Posted: June 3, 2020 in: Uncategorized


Science is a game of many losses.  We like to think of science as breakthroughs and foundational laws, which it can be, but the reality is that breakthroughs are the exception and laws are often challenged and changed.  Scientific success is built on failure, and anyone who tells you differently isn’t being truthful.  In the 20 years I worked in a lab doing research, only a very small fraction of my experiments ever made it to publication.  Thus, to watch scientific research play out in real time across the globe as we are during the 2019/2020 Sars-Cov-2/COVID-19 pandemic is frustrating at best and, at times, feels almost torturous.

Infectious disease research is an area in which science has made huge advances in the last 100 years.  Yet, look what a new virus has done to society around the world, including wreaking havoc on our medical systems.  If science wasn’t about being human, a new virus wouldn’t be able to do that.

The very nature of the science business is to take on the most challenging problems facing our world and try to find a solution.  Everyday scientists and doctors are assigned tasks such as curing human disease, preventing natural disasters, healing the human mind and much more.  You can bet there will be lots of failure. I would argue that failing is the single most important way that scientists, and maybe all of us, learn.  We ask a question, make a hypothesis, test the hypothesis and then, depending on the result, ask the next question.  It takes patience and time, which is especially difficult in the case of a pandemic, when the process must be expedited.  And that is why it is especially challenging to do science directly in the public view.  The reality is that scientists are, at best, wrong as often as they are right and that is why all of us, especially the media, are easily misled and easily disappointed.  In fact, I would argue that a scientist who claims she is always right is probably not being truthful.  We are always just one experiment away from disproving our current way of thinking.  That is what makes the hashtag #believescience that is trending now on social media almost meaningless when it comes to Sars-Cov-2/COVID-19.  Everyone I know believes science, until it is disproved, and then we believe the next science.  That’s how it works.  This is a brand-new virus with brand new research.  We have to be able to disprove things.  It’s a necessity. We need to observe and question, over and over again. And models are called models because they are based on assumptions. This doesn’t mean science doesn’t work, it just means that it takes trial and error and that the public tends to judge this kind of learning process very harshly.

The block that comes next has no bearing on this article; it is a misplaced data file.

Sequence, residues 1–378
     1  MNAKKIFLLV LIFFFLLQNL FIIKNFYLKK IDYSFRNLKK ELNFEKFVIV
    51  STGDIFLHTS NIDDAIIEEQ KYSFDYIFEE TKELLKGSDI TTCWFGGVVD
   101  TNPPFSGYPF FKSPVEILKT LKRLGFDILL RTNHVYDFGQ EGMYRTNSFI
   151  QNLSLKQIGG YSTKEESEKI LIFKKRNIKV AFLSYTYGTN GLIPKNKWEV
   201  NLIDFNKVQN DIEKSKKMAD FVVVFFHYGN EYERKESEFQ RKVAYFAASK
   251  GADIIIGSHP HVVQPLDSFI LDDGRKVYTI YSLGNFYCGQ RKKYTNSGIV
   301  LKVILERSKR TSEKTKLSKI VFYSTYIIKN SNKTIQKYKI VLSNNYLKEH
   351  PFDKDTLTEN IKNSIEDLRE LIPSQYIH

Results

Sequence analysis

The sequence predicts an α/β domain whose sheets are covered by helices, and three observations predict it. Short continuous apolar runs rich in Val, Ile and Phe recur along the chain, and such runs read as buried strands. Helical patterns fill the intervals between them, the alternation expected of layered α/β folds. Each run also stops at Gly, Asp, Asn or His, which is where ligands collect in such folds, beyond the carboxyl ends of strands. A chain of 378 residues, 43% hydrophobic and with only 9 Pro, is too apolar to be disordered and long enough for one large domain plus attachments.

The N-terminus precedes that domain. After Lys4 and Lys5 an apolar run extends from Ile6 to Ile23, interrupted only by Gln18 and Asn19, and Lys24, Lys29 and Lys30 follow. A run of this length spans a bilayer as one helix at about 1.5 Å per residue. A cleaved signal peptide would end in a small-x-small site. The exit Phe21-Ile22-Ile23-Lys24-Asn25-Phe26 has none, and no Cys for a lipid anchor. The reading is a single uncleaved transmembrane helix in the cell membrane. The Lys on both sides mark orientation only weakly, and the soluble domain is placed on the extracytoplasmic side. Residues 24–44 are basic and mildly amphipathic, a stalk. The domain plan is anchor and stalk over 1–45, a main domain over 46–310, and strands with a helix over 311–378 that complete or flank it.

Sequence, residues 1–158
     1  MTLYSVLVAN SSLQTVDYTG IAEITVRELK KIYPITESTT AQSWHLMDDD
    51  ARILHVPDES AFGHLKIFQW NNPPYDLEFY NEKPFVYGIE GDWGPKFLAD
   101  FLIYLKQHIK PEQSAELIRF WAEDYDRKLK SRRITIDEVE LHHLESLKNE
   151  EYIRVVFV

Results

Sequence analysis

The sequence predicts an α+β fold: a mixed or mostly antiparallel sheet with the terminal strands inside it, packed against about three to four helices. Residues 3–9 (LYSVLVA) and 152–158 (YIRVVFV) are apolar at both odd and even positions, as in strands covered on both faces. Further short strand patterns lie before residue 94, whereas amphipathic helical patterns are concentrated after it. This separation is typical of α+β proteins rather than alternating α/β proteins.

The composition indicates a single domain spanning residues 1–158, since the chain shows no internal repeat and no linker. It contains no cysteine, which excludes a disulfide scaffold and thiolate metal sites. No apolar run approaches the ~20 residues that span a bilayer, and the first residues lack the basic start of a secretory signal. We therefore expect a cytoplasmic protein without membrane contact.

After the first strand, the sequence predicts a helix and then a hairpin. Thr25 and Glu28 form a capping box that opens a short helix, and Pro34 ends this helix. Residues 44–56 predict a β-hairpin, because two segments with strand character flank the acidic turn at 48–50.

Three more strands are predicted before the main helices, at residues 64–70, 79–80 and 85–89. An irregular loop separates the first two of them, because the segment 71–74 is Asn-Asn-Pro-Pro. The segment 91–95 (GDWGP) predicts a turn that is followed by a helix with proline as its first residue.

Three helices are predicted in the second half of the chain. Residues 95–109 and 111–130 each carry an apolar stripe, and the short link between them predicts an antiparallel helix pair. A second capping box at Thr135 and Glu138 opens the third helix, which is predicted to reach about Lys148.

There is a lesson to be learned here. To do science, we must have both bold thinking as well as skepticism. To have one without the other can be disastrous.  Hippocrates once said, “to know is science, but to merely believe one knows is ignorance.”  When it comes to COVID-19, it is dangerous to believe we know.  Instead, we must be cautious making broad judgements until we really do know.  When it comes to science, we should recognize, admit and welcome honest failure because it means we are in the game, we are not on the sidelines and we are trying our best.  Let’s call failure what it is:  Learning and move on.  What other option do we have in our current situation?  We have to find the truth and, therefore, we must fail, and fail again, before we can succeed.

The key is that the best scientists will be honest about their failures.  They won’t try to pretend they are smarter than everyone else.  So, look for humble scientists that display cautious optimism when it comes to new results for Sars-CoV-2/COVID-19 research.  And most definitely question the “know-it-alls”.  Look for data presented in a way that clearly states that it is preliminary or a first attempt.  Watch for separate, independent verification of those data.  Also, don’t ignore scientists and doctors who present anecdotes, but also do not rely on those anecdotes.  An anecdote demonstrates that something can occur, but it does not tell us the frequency at which it will occur (reference).  An anecdote just might be the beginning of something great because most medical breakthroughs began as anecdotes.  Lastly, remember that while scientists do, indeed, have years of education and experience, none of that necessarily qualifies them for asking and answering some of the greatest mysteries posed by our universe.

It takes teams of scientists to take meaningful steps forward, and the last time I checked all scientists are human.  Some are honest and, well, sadly, some are not.  So, please, remember that scientific discovery is a process that has ups and many, many downs.  Don’t judge immediately, let it play out and use the information presented, whether judged as success or failure, to ask the next great question.  With time, and patience and persistence, the truth will emerge and when it does it will be transformational.  And, perhaps while you browse the latest Sars-Cov-2COVID-19 research data, remember Mark Twain’s Quote: A lie can make it halfway around the world while the truth is just getting its shoes tied.

Suzanne Norvell, Ph.D.

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